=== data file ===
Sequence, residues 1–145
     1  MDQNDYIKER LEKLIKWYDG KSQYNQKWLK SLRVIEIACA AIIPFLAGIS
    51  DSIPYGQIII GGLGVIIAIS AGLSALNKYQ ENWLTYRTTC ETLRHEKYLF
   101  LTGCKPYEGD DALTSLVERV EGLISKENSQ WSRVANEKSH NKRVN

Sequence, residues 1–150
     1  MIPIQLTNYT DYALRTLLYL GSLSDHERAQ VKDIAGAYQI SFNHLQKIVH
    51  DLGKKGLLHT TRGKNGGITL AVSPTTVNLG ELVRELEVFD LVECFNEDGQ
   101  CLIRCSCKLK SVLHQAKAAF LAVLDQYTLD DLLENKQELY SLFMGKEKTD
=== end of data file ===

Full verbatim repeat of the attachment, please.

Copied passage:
Sequence, residues 1–145
     1  MDQNDYIKER LEKLIKWYDG KSQYNQKWLK SLRVIEIACA AIIPFLAGIS
    51  DSIPYGQIII GGLGVIIAIS AGLSALNKYQ ENWLTYRTTC ETLRHEKYLF
   101  LTGCKPYEGD DALTSLVERV EGLISKENSQ WSRVANEKSH NKRVN

Sequence, residues 1–150
     1  MIPIQLTNYT DYALRTLLYL GSLSDHERAQ VKDIAGAYQI SFNHLQKIVH
    51  DLGKKGLLHT TRGKNGGITL AVSPTTVNLG ELVRELEVFD LVECFNEDGQ
   101  CLIRCSCKLK SVLHQAKAAF LAVLDQYTLD DLLENKQELY SLFMGKEKTD